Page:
“Person-centred” approaches.

Whether these are to housing, health or social care, these approaches have monumentally shifted the relationship between individuals and the services that they receive. My report on how local authorities are responding to dementia highlights the need for this approach to move beyond rhetoric and truly work with those they are providing services for. Rather than fit into the system, the system should fit around them. Instead of reprioritising their needs, person-centred pledges do what they say on the tin: put people first.

This begs the question, “which people?” Well, those typically most marginalised is a good start. Individuals from racial / cultural minorities, those with cognitive impairment and LGBTQ+ persons to name a few. Essentially, anyone working against surplus barriers in the system, which are a direct result of their status on the margins.

This means we must work extra hard to break these barriers and produce truly person-centred services. Besides, it’s not just improving the services that they receive. It’s putting people at the centre of a system which has historically ignored them.

So, there’s clearly a lot at stake now that person-centred pledges are on the agenda.
There is a distinction to be made, however. Adding “promoting diversity and inclusion” on the backfoot of a commitment may seem progressive… But without a proactive and targeted approach to deliver this, these statements fall victim to being tokenistic. Having 80/279 housing authorities merely mentioning dementia in their housing policies is all good and well. But when only 41 of these actually do something with this name-dropping, the inclusion of dementia in the other 39 seems superficial.


What we say clearly matters.

The expectations of “person-centred” approaches proves this. However, what matters just as much is how we say them. Which language, in forms accessible to different people, with what assumptions and who we say them to. It’s one thing to recognise person-centred approaches as significant. But to genuinely deliver this, how we act on this recognition is equally as significant. If both what we say and how we say them is important, how can we be sure to get it right? What can we do to ensure that the services we produce are genuinely inclusive?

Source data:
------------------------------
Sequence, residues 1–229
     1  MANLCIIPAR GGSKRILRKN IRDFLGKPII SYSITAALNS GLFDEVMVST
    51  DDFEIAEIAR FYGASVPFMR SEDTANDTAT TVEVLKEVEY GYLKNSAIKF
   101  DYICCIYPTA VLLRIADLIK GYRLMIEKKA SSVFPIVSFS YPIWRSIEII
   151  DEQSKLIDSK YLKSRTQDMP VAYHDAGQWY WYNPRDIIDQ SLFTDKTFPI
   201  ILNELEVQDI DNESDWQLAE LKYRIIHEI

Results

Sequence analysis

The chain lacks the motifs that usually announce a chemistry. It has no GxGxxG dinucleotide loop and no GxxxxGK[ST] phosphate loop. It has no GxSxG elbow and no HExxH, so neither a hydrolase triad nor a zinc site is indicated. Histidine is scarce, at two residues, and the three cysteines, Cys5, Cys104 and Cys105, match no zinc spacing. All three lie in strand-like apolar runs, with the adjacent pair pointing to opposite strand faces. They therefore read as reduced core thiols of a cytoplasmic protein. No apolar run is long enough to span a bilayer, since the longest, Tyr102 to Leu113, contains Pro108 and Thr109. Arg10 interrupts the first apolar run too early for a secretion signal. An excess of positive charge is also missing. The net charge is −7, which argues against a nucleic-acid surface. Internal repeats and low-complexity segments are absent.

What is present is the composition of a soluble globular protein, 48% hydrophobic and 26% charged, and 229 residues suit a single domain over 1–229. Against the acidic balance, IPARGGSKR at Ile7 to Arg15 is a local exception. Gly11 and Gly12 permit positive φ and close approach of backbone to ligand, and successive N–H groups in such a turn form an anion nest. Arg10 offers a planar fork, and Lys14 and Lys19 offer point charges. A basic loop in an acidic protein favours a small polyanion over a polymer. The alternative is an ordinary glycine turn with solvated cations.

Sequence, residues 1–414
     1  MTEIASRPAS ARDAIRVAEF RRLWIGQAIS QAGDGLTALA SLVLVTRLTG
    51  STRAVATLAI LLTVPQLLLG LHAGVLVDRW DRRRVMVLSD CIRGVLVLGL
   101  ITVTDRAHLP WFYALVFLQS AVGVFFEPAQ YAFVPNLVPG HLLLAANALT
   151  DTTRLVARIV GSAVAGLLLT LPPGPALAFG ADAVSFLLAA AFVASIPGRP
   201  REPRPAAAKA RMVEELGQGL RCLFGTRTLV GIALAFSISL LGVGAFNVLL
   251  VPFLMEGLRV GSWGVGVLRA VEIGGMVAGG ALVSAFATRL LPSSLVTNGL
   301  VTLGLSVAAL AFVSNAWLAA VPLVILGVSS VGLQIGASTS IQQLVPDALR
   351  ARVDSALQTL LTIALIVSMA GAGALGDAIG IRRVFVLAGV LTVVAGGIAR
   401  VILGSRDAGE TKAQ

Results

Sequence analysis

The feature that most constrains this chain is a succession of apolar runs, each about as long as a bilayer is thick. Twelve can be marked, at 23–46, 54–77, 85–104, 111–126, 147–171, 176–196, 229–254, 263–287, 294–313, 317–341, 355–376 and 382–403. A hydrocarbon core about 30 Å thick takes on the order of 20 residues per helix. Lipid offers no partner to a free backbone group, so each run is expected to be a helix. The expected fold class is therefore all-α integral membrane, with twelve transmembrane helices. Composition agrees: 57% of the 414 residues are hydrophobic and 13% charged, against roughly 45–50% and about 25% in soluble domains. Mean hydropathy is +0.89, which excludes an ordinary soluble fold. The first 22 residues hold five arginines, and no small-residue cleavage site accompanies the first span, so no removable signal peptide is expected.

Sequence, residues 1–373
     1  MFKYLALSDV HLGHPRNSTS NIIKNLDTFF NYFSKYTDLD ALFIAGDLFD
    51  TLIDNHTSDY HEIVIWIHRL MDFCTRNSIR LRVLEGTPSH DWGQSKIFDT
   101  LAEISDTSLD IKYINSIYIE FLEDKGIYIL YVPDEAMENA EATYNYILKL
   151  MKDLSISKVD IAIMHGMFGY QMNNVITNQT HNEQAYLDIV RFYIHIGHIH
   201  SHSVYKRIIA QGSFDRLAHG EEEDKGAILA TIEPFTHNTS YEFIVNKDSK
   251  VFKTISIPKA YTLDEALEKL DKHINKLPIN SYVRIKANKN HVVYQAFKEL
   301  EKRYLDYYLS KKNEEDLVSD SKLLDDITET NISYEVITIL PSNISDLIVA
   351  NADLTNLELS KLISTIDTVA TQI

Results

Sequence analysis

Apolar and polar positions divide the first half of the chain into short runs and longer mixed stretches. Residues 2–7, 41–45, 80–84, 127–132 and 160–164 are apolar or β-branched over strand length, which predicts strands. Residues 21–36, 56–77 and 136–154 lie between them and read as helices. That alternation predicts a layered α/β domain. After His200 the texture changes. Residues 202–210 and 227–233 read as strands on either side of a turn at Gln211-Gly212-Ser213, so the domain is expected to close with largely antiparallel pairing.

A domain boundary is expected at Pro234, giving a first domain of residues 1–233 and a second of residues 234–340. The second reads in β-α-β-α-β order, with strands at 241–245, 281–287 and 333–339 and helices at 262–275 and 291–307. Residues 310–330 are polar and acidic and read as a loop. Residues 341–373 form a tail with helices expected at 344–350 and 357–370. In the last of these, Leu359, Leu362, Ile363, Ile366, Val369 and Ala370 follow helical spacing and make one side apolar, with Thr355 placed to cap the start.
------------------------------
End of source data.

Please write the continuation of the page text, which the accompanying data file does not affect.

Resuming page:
To put it simply: ask people.

Consultations, surveys and forums are simple ways of getting this input. Working with local groups from all ethnic and cultural backgrounds, involving individuals and their families and carers throughout the entire process and ensuring everything is made accessible to those who are hardest to reach. Acting on these responses to tailor services to individuals. Ensuring no preferences “slip through the net.” Monitoring the outputs and feedback and using these to inform future practice. Rather than rinse and repeat, inform and adapt.

When boiled down to its essence, the person-centred approach is a cycle of asking and acting on the answers. People’s needs are not the same. They don’t fit neatly into a one-size-fits-all policy, approach or service. It’s time to stop guessing and start asking. When those most marginalised are no longer in the margins, inclusion may be less of an illusion and more of a reality.

Copies of Of More Than Marginal Interest: Dementia in Local Housing Policies can be downloaded at:  https://booklets.foundations.uk.com/dementia_and_dfg